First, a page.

I’m horrendously behind with E-learning and Digital Cultures – I’ve not yet looked at the fourth week’s material, but I’m still hoping to get my ‘digital artifact’ in by tonight’s submission deadline. In the meantime, here are my thoughts and reflections on the week three material. The broad topic is ‘being human’ and the threats that technology poses to ‘the human’, and this week’s resources focus on re-asserting the human.
Mediation and the illusion of non-mediation
Several of the resources this week raise the question of mediation, non-mediation and the illusion of non-mediation. It’s interesting: some accounts suggest that moving images on a screen act as barriers between us and reality, while others suggest that they break down barriers.
This year’s series of Black Mirror has come at the perfect time, as many of the ideas and themes link to this course. Without wanting to spoil the story, the second episode, White Bear, looks at the way in which mediation via a screen affects our moral compass. Why do so many of us watch real things happening on screen that we’d never tolerate in person? Why are we prepared to be passive voyeurs just because there’s a screen between us and what’s happening, rather than step in to stop something bad unfolding?
It’s inevitable that brands will find the positive spin on things in their advertising (there was a stark contrast between the adverts and the short films in the second week’s materials too). But BT’s ‘heart to heart’ advert is actually closer to the White Bear position than I’d have expected. It rejects the vision painted by Corning and Microsoft of screen-based technology bringing people together, suggesting that while it’s good for immediacy it lacks emotion and truth. For quick chats and trivialities, online is fine; for the meaningful heart-to-hearts, the phone is better: it’s ‘the closest you can get to actually being there’.
Unfortunately (though not surprisingly) BT have done exactly the same as Microsoft and Corning by painting an ideal and incomplete picture. The only alternatives to phones that the advert shows are text-based online communications, when in reality screen-based technology can do a lot more than this with video chats and so on. It also uses nice filming techniques to illustrate their tagline, conveniently ignoring the fact that phone calls are still mediated communication. You can’t see what the person at the end of the line is doing, where they are, what emotions are passing across their face…
Both White Bear and the BT advert position the screen as divisive, mediation which results in something being lost: emotion, morality, authenticity, closeness. In contrast, Steve Kolowich’s 2010 article (‘The Human Element’) argues that the screen has the power to make interactions more human.
In a nutshell, Kolowich asks why distance education can be just as effective as classroom education but struggles to retain students. His suggestion is that it’s the lack of the ‘human’ in distance learning. And his solution is to add more video into course delivery. (He actually advocates audio interactions, too, but for me the bulk of his argument is centred around video.) Acknowledging that there are downsides – such as webcams or other visual engagement inviting prejudices or distractions – Kolowich argues that the illusion of non-mediation (that is, the sense of ‘being there’ facilitated by seeing the other participants) encourages increased trust and investment from students.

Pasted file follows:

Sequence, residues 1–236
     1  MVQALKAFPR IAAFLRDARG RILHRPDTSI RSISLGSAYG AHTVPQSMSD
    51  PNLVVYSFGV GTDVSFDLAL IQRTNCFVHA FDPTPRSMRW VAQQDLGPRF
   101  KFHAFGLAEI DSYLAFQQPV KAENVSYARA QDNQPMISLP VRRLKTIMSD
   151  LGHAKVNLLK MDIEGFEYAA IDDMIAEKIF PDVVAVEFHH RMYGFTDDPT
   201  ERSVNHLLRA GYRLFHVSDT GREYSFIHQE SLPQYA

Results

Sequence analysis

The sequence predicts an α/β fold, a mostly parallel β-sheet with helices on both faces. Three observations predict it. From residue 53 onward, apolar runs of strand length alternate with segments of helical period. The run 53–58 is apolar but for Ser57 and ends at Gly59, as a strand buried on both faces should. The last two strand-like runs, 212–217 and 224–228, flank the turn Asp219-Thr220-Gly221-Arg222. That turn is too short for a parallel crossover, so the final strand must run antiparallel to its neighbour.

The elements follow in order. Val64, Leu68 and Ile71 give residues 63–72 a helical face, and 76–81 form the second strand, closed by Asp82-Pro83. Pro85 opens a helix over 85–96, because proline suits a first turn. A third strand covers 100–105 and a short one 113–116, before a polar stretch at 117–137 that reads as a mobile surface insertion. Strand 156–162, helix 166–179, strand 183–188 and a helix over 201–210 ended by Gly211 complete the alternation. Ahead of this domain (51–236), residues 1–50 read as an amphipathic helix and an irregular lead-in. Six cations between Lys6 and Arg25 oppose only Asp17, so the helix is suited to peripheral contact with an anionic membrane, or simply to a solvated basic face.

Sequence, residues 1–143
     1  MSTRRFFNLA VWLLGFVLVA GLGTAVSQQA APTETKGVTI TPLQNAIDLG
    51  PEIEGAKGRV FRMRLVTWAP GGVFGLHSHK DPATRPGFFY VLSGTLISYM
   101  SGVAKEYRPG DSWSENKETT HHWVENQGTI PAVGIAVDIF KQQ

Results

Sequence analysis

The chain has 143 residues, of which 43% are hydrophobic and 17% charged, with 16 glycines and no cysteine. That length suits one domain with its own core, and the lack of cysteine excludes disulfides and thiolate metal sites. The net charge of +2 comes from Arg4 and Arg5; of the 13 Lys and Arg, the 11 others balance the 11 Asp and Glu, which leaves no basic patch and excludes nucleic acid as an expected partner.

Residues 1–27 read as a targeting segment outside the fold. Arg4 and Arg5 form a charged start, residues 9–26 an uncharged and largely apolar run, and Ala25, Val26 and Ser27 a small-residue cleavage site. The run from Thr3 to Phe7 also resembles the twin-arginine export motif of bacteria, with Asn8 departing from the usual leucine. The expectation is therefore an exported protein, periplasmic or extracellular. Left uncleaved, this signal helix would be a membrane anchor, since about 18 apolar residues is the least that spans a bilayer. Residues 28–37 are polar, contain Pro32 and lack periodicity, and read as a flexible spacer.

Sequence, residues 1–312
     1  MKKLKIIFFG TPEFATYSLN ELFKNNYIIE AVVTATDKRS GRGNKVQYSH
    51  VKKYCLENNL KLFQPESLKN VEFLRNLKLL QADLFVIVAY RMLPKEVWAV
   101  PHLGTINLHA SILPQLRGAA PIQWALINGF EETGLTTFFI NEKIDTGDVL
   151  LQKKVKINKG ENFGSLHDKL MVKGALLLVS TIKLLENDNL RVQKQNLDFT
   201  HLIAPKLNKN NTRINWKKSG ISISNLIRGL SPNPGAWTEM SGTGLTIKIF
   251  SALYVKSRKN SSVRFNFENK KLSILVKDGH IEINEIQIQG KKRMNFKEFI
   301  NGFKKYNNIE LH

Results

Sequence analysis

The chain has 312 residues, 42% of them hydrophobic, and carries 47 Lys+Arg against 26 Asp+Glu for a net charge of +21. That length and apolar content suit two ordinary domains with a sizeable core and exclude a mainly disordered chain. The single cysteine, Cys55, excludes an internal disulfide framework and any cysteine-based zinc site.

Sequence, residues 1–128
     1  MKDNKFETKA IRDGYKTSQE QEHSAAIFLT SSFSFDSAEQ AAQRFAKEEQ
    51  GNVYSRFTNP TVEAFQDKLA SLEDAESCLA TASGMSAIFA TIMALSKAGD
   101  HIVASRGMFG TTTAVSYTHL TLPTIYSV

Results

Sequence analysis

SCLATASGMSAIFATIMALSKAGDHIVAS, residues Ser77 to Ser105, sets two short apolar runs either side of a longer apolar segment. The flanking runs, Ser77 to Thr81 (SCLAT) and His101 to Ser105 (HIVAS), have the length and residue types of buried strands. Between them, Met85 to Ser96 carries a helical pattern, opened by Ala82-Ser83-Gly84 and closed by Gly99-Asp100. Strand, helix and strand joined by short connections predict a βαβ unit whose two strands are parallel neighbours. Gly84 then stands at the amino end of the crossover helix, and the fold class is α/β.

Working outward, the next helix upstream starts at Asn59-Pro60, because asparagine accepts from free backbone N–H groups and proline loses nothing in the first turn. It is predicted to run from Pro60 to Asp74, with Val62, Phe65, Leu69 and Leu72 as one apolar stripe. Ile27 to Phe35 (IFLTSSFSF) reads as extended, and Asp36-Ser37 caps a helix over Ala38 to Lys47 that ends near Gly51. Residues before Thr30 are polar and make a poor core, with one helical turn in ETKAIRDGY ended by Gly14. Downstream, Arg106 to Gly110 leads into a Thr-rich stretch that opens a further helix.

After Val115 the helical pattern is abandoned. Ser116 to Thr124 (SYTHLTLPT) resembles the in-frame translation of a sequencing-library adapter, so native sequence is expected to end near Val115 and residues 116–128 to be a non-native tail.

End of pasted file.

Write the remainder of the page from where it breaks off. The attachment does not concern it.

What is ‘the human element’?
It’s interesting that for BT that sense of ‘being there’ comes from hearing a voice, but for Kolowich it comes from seeing a face. And – as far as e-learning is concerned – this is the crux of the matter. What is that ‘human element’ that we so often seek to achieve in online learning?
When I started out in instructional design five years ago, we tried to achieve it through using photographs of people, good quality voiceovers rather than computer-generated audio, and a natural and conversational tone of voice in the copywriting. As video became more ubiquitous, this became the favoured mode of inserting the human into online learning. Unfortunately, a stilted talking-head clip of someone who’d rather be anywhere but in front of the camera reading from an autocue doesn’t necessarily cut it. Documentary-style clips of life in the workplace, interviews with employees, more sophisticated character-led dramas: all these approaches are attempts to make what we do more ‘human’.
The evolution of live online facilitation has been shaped by similar questions. The standard was once a PowerPoint slide deck, one-way audio presentation and perhaps a Q&A panel for participants; now the LPI is helping people make the most of the available technology to create a more effective – and more human – experience, incorporating webcams and freer two-way conversation via chat panels and microphones, for example.
What’s interesting to me, though, is that it’s about more than voices or faces. A human presence doesn’t necessarily equal a human experience. Haven’t we all had frustrating conversations with people in call centres? It’s a real person, you’re hearing a real voice, you’re talking in real time – and yet it doesn’t feel ‘real’. They’re reading from a script, or the discussion is driven by the boxes they need to fill in on their computer system. Likewise, most of us have experienced disappointing presentations or classroom training sessions: being in the same room as colleagues and the trainer doesn’t guarantee a good experience. If it’s not brought to life, if it’s not invested with emotion, then what benefit does this live set-up offer over a mediated or non-human offering (like an online course or a textbook)?
Insights, not outcomes
Having reached this point in my thinking, I turned to Lowell Monke’s article, ‘The Human Touch’, and found it articulated a lot of what I was thinking. In worrying about how best to use new technologies to make virtual experiences more ‘human’, we are perhaps missing the point.